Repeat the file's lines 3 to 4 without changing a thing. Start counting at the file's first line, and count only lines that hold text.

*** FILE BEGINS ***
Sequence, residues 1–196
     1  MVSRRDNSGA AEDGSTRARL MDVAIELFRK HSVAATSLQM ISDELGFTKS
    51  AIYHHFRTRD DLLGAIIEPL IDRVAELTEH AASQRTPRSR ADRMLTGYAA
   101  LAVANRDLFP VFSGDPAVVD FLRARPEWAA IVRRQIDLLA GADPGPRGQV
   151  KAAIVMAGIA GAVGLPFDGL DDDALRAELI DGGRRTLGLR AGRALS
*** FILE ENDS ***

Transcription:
    51  AIYHHFRTRD DLLGAIIEPL IDRVAELTEH AASQRTPRSR ADRMLTGYAA
   101  LAVANRDLFP VFSGDPAVVD FLRARPEWAA IVRRQIDLLA GADPGPRGQV